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Sean O'Shea

Around Nashville with my MP6

In addition to my work with Kawai, I’m a gigging musician and music ministry director at a church in Nashville. I’ve gigged for a long time and lugged around lots of gear; from huge Hammond B3’s and “suitcase” electric pianos to dozens of synthesizers and workstations. Once long ago, when I stopped by a local piano store to pick up a spare A/C cord, I played an acoustic grand piano. Wow! I thought I’d just sit “noodle around for a minute”, but suddenly I realized I’d been there for over an hour. My emotions had me really going at the piano… “So that’s what I’ve been missing!” I thought.

Well, my Kawai MP6 arrived about 6 months ago. I swear 90% of that “connection” I felt to that acoustic grand piano that day is now under my fingertips. It’s funny, but every time I get with other musicians (even non-keyboard players), the first thing they do is hit the keys a few times – whether or not the board is even powered up. The surprised expression is always entertaining to me. “Whoa!” is typically the first word uttered. Between the realistic key surface and the action’s let-off feature, this thing feels unlike anything that’s been around.

When I’m out in Nashville, the MP6 really attracts attention. The first ones to speak up about its sound are… well… the sound guys! At every gig, from my church to the songwriters’ nights in places like Nashville’s famed The Bluebird Café, heads tilt when I start playing and the guy running the sound asks “What’s that?” The question often seems to be expounded upon with one simple comment: “great sound!”

Every gig is an adventure here and the town is full of amazing musicians. The other day, a clarinetist showed up at my church. (I doubt that happens in the average city. Maybe it does, but…. I doubt it.) He did a New Orleans-style rendition of Amazing Grace – then the drummer kicked in with this zydeco-type of rhythm. The bass player was immediately zoned-in and on it, as was the guitarist. I was like a deer-in-the-headlights as I thought about which piano sound to use and how to approach the tune. After maybe 20 seconds of pondering and scrolling through the MP6’s sound list, it hit me: French accordion. YES! What a blast we had. And standing ovations in a church setting are especially satisfying, in my humble opinion.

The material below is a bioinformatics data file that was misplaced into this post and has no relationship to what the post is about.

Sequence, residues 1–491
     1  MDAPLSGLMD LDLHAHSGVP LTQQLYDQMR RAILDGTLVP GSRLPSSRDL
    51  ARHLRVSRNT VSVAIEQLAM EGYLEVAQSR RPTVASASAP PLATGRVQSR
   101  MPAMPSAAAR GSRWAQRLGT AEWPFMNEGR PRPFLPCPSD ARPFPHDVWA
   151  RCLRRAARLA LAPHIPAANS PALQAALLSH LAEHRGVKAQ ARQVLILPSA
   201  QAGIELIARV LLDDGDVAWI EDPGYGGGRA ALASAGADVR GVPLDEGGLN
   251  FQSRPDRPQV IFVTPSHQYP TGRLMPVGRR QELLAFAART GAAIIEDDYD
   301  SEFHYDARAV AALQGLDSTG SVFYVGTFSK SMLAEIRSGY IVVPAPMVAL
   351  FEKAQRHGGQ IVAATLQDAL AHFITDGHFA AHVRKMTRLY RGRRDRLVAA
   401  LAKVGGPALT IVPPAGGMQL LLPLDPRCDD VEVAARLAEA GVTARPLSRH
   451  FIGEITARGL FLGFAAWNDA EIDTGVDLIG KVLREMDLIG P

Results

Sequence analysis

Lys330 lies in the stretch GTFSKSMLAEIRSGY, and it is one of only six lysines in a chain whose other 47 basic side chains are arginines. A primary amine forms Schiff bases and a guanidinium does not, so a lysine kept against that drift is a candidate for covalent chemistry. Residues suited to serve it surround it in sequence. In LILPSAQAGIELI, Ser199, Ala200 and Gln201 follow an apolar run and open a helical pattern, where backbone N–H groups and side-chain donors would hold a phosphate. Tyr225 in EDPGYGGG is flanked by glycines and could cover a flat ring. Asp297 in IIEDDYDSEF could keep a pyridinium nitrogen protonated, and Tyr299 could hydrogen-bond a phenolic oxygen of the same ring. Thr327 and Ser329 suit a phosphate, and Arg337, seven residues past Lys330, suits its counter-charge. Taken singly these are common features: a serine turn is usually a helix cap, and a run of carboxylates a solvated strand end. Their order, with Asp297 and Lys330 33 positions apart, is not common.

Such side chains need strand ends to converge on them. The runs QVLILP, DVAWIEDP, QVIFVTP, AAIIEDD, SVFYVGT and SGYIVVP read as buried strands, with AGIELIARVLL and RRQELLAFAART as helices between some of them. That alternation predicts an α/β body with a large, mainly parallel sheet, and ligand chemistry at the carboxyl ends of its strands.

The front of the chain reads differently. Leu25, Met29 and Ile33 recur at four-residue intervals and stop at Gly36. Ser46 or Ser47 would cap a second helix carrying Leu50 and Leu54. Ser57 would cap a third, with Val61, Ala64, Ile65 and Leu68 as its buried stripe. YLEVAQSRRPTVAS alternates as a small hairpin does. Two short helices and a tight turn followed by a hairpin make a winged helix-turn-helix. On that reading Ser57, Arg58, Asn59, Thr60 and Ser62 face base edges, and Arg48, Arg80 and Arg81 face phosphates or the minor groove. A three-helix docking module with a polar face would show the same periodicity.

One night the response to the MP6 was especially entertaining. I was playing keys for a performing songwriter friend of mine at a local showcase. This particular song was screaming for that classic B3 sound. We’d only rehearsed once and I stuck with the piano sound in rehearsal, but at the live show I switched to the drawbar sound and kicked the rotary speaker sound in and out. The bass player was elated and my buddy singing lead spun around and was smiling from ear-to-ear – almost losing his place in the tune. But the real treat was the puzzled look of the two guys at the sound board. I saw them looking around the stage trying to figure out where I’d placed the Leslie® speaker. After the gig, one of the guys wanted come see for himself how I pulled that sound off so authentically.

The MP6 isn’t really a workstation. It’s really not just a stage piano. It’s not exactly a synth. (I won’t bore you with specs and details... there’s plenty of that info available online). But the bottom line is this: I’ve finally got one board that can handle every gig – with all the stuff I need – and a bit more – while giving me the level of connection and expression that I experienced in that piano store. (Plus, my back is not in jeopardy nor do I need to own a moving van, thank you very much.)
This MP6 is really making the rounds here in Music City, USA, Nashville and I’m grateful to make a living with it doing something I love.
Sean O'Shea

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